A cataract is a clouding of the lens, converging lens located inside the eye. This clouding is responsible for a gradual reduction of vision, accompanied by early embarrassment to light (photophobia). This decrease in vision may be rapid (few weeks) due to trauma.
This disease is known since antiquity (it is observed both in animals than humans). It has been described in various forms and often used painting from Claude Monet to illustrate how it can influence the perception of images and colors (Monet painted series of the same subject over the years while his illness distorted gradually see).
Cataracts are the leading cause of blindness in the Third World: it explains nearly 40% of 37 million blind people around the world. It is therefore a problem of major public health in these countries, especially as the treatment is known and its application is limited only by the issue of cost. Contributing factors are malnutrition, dehydration, exposure to sunlight. It occurs in the subject while relatively young.
In the "rich", cataract is mainly observed in the elderly.
Types and causes
Cataracts are differentiated by their location: capsular or subcapsular, cortical, or nuclear equatorial or polar.
They are also differentiated by their causes:
* The vast majority of cataracts occurs naturally with age after 70 years, very gradually, without releasing cause particular. Some factors may have a role aggravate and hasten the onset of illness: overexposure to ultraviolet radiation, smoking, heredity, certain treatments such as prolonged corticosteroid therapy, diabetes and metabolic diseases, etc..
* Cataract hereditary, familial affection, whose early discovery in the very young child will bear the surgery faster or slower depending on the size of the opacity of the lens.
* The traumatic cataract development is usually rapid.
* Cataract secondary to serious diseases of the eye (uveitis old retinal detachment old).
Molecular origin suspected
The molecular recently discovered, for a patient through the examination of the membrane of the lens by an atomic force microscope (AFM). Two families of proteins are studied in the membranes of healthy and pathological crystalline: aquaporins and connexons. Aquaporins (proteins 5 nanometers) serve as channels for water. In pathological tissue, lack of connexons (assuring the passage of metabolites and ions) prevents the formation of channels to ensure communication between cells. These molecular changes explain the lack of grip, waste accumulation in cells and defects in transport of water, ions and metabolites in the affected tissue and cataract.
The only effective treatment for cataract is surgery. The operation was invented by the surgeon Franco in the sixteenth century. The procedure involves removing the cloudy lens and replace it with an artificial lens (intraocular implant) that takes place in the "envelope" of the lens (called the capsule) left partially in place during surgery (extraction Extra capsular). This intervention is now well developed and is typically under topical anesthesia or local. The operation is usually done for younger patients (below 30 years) under general anesthesia. The procedure takes about ten minutes, is painless, and vision returns quickly, subject to the normality of other ocular structures.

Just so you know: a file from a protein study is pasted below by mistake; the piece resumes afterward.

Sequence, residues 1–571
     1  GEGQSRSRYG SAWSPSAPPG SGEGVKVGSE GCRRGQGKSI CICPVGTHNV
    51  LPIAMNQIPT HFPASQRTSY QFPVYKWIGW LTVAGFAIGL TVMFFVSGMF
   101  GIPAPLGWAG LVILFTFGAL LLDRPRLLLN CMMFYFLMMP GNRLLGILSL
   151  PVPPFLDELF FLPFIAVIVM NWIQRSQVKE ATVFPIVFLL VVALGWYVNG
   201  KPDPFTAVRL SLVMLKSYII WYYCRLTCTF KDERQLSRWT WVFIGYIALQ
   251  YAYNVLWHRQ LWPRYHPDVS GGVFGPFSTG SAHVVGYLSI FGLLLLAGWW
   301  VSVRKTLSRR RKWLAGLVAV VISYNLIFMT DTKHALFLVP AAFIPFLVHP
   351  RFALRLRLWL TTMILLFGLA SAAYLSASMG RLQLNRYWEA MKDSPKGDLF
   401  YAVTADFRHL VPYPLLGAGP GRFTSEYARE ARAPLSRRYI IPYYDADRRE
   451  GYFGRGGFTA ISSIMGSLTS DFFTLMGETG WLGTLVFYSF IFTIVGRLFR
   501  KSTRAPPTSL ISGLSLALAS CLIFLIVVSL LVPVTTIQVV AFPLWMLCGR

The operation is usually done on an outpatient basis, that is to say, without hospitalization, or only at very short hospitalization, as appropriate.
The implant may be focal, multiple a correct vision both near and far.
The most common complication of the intervention is secondary cataract may appear days to years after surgery. It corresponds to a clouding of the capsule. This cloudiness is treated by capsulotomy, mostly YAG laser. Impacts focused on the capsule will tear and go immediately normal vision. It also happens that one of the stitches on the cornea no longer be perfectly sealed. The surgeon then observes the sign of Seidel, reflecting the leakage of aqueous humor through the perforation. Care must be responsive and timely, the eye being exposed to great risk of infection.
Prudence dictates that we never dealt with both eyes during the same session.
In third world countries, intervention preference (for cost reasons) remains intra-capsular extraction of the lens, where the envelope (the capsule) is removed along with it. The results are worse than the extracapsular extraction.
Cataract surgery is the removal of the natural lens of the eye (also called "crystalline lens") that has developed an opacification, which is referred to as a cataract. Metabolic changes of the crystalline lens fibers over the time lead to the development of the cataract and loss of transparency, causing impairment or loss of vision. During cataract surgery, a patient's cloudy natural lens is removed and replaced with a synthetic lens to restore the lens's transparency.
Following surgical removal of the natural lens, an artificial intraocular lens implant is inserted (eye surgeons say that the lens is "implanted"). Cataract surgery is generally performed by an ophthalmologist (eye surgeon) in an ambulatory (rather than inpatient) setting, in a surgical center or hospital, using local anesthesia (either topical, peribulbar, or retrobulbar), usually causing little or no discomfort to the patient. Well over 90% of operations are successful in restoring useful vision, with a low complication rate. Day care, high volume, minimally invasive, small incision phacoemulsification with quick post-op recovery has become the standard of care in cataract surgery all over the world.
Read also Ophthalmology